• jewels. Dear reader, the salvation which is received by faith is not athing of months and years; for our Lord Jesus hath "obtainedeternal salvation for us," and that which is eternal cannot come toan end. Paul also declares his expectation that the Corinthian saintswould be "Confirmed to the end blameless." This blamelessness is aprecious part of our keeping. To be kept holy is better than merelyto be kept safe. It is a dreadful thing when you see religious peopleblundering out of one dishonor into another; they have not believedin the power of our Lord to make them blameless. The lives of someprofessing Christians are a series of stumbles; they are never quitedown, and yet they are seldom on their feet. This is not a fit thingfor a believer; he is invited to walk with God, and by faith he canattain to steady perseverance in holiness; and he ought to do so. TheLord is able, not only to save us from hell, but to keep us fromfalling. We need not yield to temptation. Is it not written, "Sin shallnot have dominion over you?" The Lord is able to keep the feet ofHis saints; and He will do it if we will trust Him to do so. We neednot defile our garments, we may by His grace keep them unspottedfrom the world; we are bound to do this, "for without holiness noman shall see the Lord." The apostle prophesied for these believers, that which he wouldhave us seek after – that we may be preserved, “blameless unto theday of our Lord Jesus Christ.” The revised version has"unreproveable," instead of "blameless." Possibly a better renderingwould be "unimpeachable." God grant that in that last great day wemay stand free from all charge, that none in the whole universemay dare to challenge our claim to be the redeemed of the Lord. Wehave sins and infirmities to mourn over, but these are not the kindof faults which would prove us to be out of Christ; we shall be clearof hypocrisy, deceit, hatred, and delight in sin; for these thingswould be fatal charges. Despite our failings, the Holy Spirit canwork in us a character spotless before men; so that, like Daniel, weshall furnish no occasion for accusing tongues, except in the matterof our religion. Multitudes of godly men and women have exhibitedlives so transparent, so consistent throughout, that none couldgainsay them. The Lord will be able to say of many a believer, as he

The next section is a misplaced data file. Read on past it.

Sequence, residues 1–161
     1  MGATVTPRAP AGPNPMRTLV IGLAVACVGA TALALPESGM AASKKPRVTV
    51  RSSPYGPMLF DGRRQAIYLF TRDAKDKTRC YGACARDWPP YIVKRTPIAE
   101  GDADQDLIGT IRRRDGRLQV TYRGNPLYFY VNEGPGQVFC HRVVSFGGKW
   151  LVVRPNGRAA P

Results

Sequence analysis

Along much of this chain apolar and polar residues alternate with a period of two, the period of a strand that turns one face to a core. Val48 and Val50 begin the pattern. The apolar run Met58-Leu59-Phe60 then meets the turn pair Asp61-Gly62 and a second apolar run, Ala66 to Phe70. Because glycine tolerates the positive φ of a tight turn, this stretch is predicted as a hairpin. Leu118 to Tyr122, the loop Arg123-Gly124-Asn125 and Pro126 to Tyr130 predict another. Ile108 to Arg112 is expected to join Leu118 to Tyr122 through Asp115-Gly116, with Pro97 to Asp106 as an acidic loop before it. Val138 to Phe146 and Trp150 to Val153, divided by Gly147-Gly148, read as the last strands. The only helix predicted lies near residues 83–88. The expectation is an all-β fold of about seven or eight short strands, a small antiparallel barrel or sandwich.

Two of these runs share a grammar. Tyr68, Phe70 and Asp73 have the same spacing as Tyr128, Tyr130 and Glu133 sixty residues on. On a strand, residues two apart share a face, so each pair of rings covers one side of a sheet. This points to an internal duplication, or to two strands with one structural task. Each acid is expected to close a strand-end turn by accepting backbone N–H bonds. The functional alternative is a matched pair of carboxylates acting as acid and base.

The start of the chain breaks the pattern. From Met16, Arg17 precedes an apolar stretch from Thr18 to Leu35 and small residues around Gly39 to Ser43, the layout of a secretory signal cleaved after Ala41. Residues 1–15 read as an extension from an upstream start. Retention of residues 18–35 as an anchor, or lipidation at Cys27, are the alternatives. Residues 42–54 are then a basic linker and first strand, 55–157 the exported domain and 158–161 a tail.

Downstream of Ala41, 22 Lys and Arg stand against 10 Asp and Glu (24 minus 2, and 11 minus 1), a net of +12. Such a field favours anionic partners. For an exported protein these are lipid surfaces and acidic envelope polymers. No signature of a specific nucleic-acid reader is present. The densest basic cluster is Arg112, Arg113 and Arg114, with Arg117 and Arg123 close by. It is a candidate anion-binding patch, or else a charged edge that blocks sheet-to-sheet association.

• did of Job, when Satan stood before Him, "Hast thou considered myservant, a perfect and an upright man, one that feareth God andescheweth evil?" This is what my reader must look for at the Lordshands. This is the triumph of the saints – to continue to follow theLamb whithersoever He goeth, maintaining our integrity as beforethe living God. May we never turn aside into crooked ways, and givecause to the adversary to blaspheme. Of the true believer it iswritten, "He keepeth himself, and that wicked one toucheth himnot." May it be so written concerning us! Friend just beginning in the divine life, the Lord can give you anirreproachable character. Even though in your past life you mayhave gone far into sin, the Lord can altogether deliver you from thepower of former habits, and make you an example of virtue. He cannot only make you moral, but He can make you abhor every falseway and follow after all that is saintly. Do not doubt it. The chief ofsinners need not be a whit behind the purest of the saints. Believefor this, and according to your faith shall it be unto you. Oh, what a joy it will be to be found blameless in the day ofjudgment! We sing not amiss, when we join in that charming hymn: Bold shall I stand in that great day, For who aught to my charge shall lay; While through Thy blood absolved I am, From sins tremendous curse and shame?What bliss it will be to enjoy that dauntless courage, when heavenand earth shall flee away from the face of the Judge of all! This blissshall be the portion of everyone who looks alone to the grace of Godin Christ Jesus, and in that sacred might wages continual war withall sin.